Streatham

     this post is not finished and not edted or checked

Archbishop's Place.

an amazing survival of small cottages with the most colourful front gardens, reminiscent of a country village.

King of Sardinia with "barley sugar" chimney pots

Brixton Hill

Moorish Lane corner site of Brixis Stane This is where the Hundred of Brixton met wasteland in 19th.  Brixiges stan’ 1062 in an Anglo-Saxon charter, ‘Brixiestan’ 1086 in the Domesday Book, ‘Brixistane’ 1279, ‘Bryxston’ c.1530, that is 'stone of a man called Beorhtsige', from an Old English personal name and Old English ‘stan’.  Brixistan’ which means ‘stone of the Brixi’ who were the local administrators.  ‘Brixi’ is short for ‘Beorhsige’ which means ‘bright victory’.  Possibly a 'boundary stone', but since this place gave its name to one of the ancient hundreds of Surrey, the 'stone' may well have been one marking the meeting place of the hundred. Brixton Common was on Brixton Hill and was enclosed in 1810.  ’Brixges'.  Became a market gardening area. 


Christchurch Street

Street with church 1836 place 'easily discernible' oddities from 1900, pulpit from the city church. 

Christ Church 1840-2 by James Wild, 

Christ Church schools

Criffel Avenue also dates from the same year and is named after a hill and prominent landmark 3 miles south of New Abbey in Dumfries and Galloway, also a part of the Stewert estate,. 

41 was purchased by a bridge-building engineer William Newton Bakewell who worked on the building of the Forth Bridge, remaining there until his death in 1913.

Forster Road

Tilson Gardens,. examplesof changing fashions:, neo-Georgian blocks of 1929- 36 of typical L.C.C. type

Kingswood Road

Henry Crompton School . Good example of T. J. Bailey's mature three-decker board schools with jolly Jacobean skyline. 1898.

New Park Road

138, a villa of 1835 in the cottage orne tradition, with bargeboarded gable and battlemented porch.

Piecemeal local authority redevelopment began between the wars and still continues

Streatham High Road

Telford Avenue 

Telford Avenue Mansions in Telford Avenue dates from circa 1935 and has many similarities with Telford Parade Mansions next door - 

Telford Parade Mansions is a development of purpose built flats with shops at street level which dates from 1935.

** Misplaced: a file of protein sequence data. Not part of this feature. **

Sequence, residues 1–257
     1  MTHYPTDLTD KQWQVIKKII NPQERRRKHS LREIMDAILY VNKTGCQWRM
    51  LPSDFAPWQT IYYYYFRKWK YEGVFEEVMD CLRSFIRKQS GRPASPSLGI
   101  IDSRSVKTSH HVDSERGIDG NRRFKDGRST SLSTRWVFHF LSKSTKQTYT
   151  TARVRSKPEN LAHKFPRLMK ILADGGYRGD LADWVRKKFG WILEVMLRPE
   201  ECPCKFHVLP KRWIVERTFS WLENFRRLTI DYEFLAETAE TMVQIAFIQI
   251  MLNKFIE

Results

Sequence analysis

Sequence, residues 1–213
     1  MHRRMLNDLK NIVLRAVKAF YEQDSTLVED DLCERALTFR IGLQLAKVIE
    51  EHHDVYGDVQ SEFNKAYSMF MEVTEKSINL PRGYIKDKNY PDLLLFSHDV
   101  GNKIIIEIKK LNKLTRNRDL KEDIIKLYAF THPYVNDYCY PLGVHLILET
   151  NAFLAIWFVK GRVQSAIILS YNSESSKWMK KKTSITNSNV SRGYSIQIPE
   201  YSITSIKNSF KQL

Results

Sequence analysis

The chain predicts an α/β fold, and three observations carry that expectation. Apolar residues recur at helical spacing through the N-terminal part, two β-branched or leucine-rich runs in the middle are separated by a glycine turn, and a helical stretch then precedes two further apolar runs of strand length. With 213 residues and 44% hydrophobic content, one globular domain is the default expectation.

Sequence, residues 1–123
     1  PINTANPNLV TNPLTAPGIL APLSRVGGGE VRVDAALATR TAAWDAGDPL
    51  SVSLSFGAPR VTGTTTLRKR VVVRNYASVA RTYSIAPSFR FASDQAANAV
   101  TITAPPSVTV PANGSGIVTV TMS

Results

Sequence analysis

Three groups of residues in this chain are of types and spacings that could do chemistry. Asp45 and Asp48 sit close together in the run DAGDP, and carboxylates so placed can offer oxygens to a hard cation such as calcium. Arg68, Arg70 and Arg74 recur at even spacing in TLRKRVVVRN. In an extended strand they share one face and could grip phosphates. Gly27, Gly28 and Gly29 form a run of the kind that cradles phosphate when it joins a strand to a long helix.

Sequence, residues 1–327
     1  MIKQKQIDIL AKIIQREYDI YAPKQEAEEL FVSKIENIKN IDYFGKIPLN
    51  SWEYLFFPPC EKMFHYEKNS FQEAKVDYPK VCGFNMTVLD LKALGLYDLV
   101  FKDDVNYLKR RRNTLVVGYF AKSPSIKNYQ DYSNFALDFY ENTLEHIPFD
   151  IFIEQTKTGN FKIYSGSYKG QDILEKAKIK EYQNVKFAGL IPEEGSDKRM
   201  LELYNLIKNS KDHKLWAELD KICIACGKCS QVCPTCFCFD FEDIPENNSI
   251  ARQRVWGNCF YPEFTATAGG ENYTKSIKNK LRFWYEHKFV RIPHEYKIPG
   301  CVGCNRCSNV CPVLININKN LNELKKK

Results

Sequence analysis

Telford Court of 1931 was designed by Frank Harrington in 1931. 

Wyatt Park Mansions was designed by H. J. S. Abrams and Sons of Buckingham Street, WC1. 

triangular piece of land to be included in the Conservation Area. This area includes an access route, car parking and communal gardens with a number of large mature trees.

Streatham Hill Theatre (now the Mayfair Bingo Hall)when it opened in 1929, one of the largest outside the West End of London. The giant auditorium had a capacity in excess of 2,500 seats. The architects were William George Robert Sprague and William Henry Barton whose design is in a late Edwardian classical style. In its heyday the Streatham Hill Theatre was a number one touring theatre and also put on opera, ballet, musicals, variety and pantomime. . The Theatre closed its doors in 1962 and has now been converted into a bingo hall and social club but entrance hall in the Adam style has been retained and maintained in its original form. 

Streatham Hill

Brixton bus garage

Pullman Court. 1933-36 Frederick Gibberd, age 27, designs. Commissioned by landowner and developer Willliam Bernstein. Private and the largest commercial development at the time. Reinforced concrete structure by L.G.Mouchel, overhanging rails designed to help with repainting.

St. Pancras Auxiliary Institution was the Royal Asylum of St.Anne's Society Three story Ionic pediment with royal Arms.  Erected in 1829 as a school for children of necessitous parents, and for orphans.

Telford Avenue

tennis club

Upper Tulse Hill

Gospel Tabernacle, Upper Tulse Hill Built 1894 as St Matthias (Church

Strand Comprehensive School, An early I.L.E.A. comprehensive, architect J. M. Kidall. Built in 1956 and the Nine-storey teaching block is the tallest built by the L.C.C.). Four lift shafts with each lift designed to hold a whole class. The school was for 2,210 boys and when built it was the largest school in London. Closed 1970s

Huggin  astronomer built observatory at 90


Wellfield Road

1-3 Leigham Arms

 


Comments

Popular posts from this blog

South Norwood

Phillibrook Stream - Leytonstone

Bromley by Bow